Product marketers and managers are often asked to compare the price of a perpetually licensed product vs. a software-as-a-service (SaaS) based (consumption-based) license. To make the comparison, it’s essential that marketers know how to determine the value of each licensing model and understand their idiosyncrasies. This post demonstrates how to determine the value of a perpetually licensed product.

Product marketers and managers are often asked to compare the price of a perpetually licensed product vs. a software-as-a-service (SaaS) based (consumption-based) license. To make the comparison, it’s essential that marketers know how to determine the value of each licensing model and understand their idiosyncrasies. This post demonstrates how to determine the value of a perpetually licensed product.

A perpetual license gives the holder the right to use the software forever. Enterprise software is usually purchased along with maintenance, which provides updates to the software for a period of time. When analyzing a perpetual model, I recommend estimating the lifetime of the product’s use as the depreciation window, say three years. The cash flow of a three-year perpetual license of \$5,000 plus 20 percent/year maintenance is as follows: Year 1, \$5,000 plus \$1,000; Year 2, \$1,000; and Year 3, \$1,000, for a total of \$8,000. (Maintenance is paid at the beginning of each year.)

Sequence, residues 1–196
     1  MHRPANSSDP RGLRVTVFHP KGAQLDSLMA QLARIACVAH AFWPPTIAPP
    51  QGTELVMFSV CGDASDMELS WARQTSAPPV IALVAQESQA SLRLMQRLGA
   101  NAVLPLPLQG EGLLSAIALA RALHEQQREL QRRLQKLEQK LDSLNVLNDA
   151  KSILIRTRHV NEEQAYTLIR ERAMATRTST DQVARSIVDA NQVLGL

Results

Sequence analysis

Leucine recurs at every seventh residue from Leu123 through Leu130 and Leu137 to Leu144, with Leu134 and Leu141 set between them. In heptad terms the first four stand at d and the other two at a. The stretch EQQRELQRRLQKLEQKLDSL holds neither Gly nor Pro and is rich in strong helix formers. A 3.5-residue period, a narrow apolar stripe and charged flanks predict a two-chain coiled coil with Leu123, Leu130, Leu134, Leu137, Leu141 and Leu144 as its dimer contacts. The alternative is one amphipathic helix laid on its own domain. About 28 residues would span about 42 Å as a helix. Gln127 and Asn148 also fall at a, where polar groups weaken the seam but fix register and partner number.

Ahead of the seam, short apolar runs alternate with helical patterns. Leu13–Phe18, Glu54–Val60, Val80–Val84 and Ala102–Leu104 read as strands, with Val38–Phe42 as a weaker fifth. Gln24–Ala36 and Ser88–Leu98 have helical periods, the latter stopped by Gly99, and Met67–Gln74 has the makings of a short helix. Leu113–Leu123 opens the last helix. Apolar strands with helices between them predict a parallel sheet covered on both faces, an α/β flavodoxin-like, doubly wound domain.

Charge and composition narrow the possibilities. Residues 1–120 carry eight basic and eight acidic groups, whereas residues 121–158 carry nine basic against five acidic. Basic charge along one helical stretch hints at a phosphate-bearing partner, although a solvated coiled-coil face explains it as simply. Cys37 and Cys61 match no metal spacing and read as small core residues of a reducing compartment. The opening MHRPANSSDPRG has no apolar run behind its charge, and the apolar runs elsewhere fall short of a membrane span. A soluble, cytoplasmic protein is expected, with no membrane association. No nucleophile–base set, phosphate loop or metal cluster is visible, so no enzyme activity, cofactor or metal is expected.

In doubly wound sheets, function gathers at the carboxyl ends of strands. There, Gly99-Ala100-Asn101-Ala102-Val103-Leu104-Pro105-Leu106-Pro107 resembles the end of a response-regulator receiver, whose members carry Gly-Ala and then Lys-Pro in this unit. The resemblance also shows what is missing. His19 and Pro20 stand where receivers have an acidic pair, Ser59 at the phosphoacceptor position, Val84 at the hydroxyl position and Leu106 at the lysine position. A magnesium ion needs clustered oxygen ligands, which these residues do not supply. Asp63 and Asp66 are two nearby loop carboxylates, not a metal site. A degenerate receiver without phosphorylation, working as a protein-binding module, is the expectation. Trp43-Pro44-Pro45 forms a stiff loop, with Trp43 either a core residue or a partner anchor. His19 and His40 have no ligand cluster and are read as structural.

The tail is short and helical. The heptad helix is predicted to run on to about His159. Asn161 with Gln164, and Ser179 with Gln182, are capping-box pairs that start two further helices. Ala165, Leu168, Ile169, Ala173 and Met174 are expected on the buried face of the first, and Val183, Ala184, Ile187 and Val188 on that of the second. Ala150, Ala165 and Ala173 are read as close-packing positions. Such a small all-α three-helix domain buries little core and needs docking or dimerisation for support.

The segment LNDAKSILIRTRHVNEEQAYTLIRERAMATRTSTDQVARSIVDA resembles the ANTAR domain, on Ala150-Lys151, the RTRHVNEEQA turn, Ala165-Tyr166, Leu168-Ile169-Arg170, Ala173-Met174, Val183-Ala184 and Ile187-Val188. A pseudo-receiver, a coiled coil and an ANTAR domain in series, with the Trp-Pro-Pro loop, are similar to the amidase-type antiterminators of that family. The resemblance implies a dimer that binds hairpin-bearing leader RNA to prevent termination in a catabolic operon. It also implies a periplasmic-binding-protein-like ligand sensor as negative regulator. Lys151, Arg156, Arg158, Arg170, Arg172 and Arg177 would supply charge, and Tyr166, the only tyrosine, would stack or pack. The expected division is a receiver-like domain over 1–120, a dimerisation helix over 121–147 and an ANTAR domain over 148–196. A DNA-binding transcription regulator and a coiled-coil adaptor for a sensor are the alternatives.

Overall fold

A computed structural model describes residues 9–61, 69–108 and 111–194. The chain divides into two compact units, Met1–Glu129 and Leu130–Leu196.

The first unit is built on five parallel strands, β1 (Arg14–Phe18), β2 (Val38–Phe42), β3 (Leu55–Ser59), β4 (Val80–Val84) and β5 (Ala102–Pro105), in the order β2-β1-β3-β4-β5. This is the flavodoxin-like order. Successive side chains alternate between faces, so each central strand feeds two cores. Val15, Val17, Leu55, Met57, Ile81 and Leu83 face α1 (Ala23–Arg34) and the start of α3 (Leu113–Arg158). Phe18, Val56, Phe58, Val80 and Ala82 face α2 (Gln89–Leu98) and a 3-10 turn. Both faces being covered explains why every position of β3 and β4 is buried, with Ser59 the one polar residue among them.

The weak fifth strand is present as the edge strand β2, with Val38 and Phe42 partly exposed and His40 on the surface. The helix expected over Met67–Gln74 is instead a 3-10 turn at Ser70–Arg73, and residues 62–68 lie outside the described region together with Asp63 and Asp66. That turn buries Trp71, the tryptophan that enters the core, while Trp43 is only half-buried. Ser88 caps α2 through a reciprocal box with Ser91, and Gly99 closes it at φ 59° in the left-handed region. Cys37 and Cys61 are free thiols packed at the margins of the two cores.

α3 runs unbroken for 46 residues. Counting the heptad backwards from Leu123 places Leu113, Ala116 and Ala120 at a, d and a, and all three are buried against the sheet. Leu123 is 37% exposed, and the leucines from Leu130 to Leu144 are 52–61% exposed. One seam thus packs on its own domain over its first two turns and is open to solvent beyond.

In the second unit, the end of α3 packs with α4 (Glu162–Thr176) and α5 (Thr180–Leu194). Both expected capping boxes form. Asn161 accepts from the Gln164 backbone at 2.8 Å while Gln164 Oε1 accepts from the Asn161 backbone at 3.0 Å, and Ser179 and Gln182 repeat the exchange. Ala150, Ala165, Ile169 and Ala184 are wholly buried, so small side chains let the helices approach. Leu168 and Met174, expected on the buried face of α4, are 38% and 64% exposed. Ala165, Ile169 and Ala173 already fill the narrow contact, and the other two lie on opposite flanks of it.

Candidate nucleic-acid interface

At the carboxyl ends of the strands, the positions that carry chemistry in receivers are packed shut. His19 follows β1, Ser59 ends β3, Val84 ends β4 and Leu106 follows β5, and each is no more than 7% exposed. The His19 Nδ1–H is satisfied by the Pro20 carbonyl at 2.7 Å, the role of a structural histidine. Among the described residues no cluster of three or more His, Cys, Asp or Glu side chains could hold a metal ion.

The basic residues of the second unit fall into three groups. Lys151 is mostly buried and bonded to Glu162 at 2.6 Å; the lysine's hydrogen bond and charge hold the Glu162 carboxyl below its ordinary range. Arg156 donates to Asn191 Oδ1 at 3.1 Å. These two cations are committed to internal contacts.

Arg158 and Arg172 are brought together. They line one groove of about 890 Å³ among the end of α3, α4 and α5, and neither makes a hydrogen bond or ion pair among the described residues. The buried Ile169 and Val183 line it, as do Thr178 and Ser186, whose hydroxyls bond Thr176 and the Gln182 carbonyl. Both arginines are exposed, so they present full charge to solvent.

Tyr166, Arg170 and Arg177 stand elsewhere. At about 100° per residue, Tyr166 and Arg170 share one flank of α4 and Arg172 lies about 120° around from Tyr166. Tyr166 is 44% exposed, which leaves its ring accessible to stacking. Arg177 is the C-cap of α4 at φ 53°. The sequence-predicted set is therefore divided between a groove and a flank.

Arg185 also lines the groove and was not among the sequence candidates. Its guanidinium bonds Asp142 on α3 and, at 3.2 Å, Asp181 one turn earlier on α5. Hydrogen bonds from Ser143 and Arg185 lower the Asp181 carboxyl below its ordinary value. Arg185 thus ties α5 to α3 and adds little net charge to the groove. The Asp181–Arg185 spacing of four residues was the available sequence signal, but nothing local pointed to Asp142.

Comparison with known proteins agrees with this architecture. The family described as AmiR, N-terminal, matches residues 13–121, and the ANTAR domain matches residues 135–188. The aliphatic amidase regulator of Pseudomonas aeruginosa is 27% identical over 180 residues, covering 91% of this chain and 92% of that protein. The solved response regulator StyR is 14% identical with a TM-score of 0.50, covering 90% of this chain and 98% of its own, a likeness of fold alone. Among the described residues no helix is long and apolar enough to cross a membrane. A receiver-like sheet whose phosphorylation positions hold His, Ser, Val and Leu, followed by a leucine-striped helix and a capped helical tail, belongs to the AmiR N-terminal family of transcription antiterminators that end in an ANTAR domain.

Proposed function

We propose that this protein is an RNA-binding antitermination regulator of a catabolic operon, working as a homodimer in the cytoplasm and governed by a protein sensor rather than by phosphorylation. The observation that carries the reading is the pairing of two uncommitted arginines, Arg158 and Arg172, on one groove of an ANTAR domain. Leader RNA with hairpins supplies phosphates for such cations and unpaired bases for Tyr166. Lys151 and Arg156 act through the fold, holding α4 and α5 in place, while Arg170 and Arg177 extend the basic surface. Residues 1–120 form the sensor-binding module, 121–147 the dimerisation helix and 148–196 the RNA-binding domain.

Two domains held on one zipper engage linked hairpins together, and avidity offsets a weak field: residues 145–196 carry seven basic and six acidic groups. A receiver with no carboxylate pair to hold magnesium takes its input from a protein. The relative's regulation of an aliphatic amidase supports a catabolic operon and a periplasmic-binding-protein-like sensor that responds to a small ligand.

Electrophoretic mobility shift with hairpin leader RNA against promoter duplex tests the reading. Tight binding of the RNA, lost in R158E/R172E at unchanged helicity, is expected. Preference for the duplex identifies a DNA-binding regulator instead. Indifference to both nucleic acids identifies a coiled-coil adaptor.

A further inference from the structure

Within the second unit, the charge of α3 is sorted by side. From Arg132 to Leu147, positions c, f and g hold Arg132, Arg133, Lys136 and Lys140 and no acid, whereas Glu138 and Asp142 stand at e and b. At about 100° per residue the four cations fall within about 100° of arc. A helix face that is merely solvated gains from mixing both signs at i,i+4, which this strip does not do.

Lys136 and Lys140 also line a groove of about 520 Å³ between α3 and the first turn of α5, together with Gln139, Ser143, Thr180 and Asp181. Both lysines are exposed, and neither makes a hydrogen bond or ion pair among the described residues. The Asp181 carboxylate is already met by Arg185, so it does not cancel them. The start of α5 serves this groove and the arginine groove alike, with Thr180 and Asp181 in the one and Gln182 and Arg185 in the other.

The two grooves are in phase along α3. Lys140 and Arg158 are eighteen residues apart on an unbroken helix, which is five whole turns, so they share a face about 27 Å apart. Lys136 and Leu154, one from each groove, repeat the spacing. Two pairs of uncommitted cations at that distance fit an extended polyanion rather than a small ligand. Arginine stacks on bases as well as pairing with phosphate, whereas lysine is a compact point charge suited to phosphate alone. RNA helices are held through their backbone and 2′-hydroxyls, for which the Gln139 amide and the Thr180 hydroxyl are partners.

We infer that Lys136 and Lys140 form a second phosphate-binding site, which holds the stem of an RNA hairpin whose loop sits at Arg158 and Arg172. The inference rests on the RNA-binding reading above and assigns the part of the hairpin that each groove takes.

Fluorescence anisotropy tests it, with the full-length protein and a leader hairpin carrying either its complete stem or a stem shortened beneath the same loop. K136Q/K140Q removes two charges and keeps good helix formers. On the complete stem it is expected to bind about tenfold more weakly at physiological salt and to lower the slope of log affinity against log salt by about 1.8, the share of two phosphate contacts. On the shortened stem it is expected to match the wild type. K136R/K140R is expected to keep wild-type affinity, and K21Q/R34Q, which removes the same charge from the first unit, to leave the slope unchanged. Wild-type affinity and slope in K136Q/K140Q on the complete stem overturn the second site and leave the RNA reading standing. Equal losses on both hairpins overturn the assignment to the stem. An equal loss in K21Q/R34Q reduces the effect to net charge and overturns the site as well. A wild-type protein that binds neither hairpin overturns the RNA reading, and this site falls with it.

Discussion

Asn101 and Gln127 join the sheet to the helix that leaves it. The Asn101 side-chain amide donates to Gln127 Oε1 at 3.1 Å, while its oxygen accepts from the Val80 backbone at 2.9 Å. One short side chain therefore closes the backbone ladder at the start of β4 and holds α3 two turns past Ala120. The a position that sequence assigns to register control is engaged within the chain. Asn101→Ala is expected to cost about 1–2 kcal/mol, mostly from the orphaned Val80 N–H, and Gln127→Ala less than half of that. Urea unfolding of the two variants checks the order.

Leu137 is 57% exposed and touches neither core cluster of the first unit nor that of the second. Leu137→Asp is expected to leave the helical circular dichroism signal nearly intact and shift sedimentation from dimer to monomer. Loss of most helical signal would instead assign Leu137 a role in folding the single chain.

The present value calculation considers the cost of capital and the sum of discounted future cash flows in today’s dollars to produce an indicator of the license’s total value over time. Even when interest rates are low, you still have the opportunity cost of not using the funds for a different project, so you need to set a discount rate. Your finance department can help you determine the discount rate for your organization. Let’s use 10 percent for this example. Applying Microsoft Excel’s present value formula, the perpetually licensed product with discounted cash flows for the maintenance payments would have a present value of \$7,735.

In my next post, I’ll look at how to calculate the value of a term license.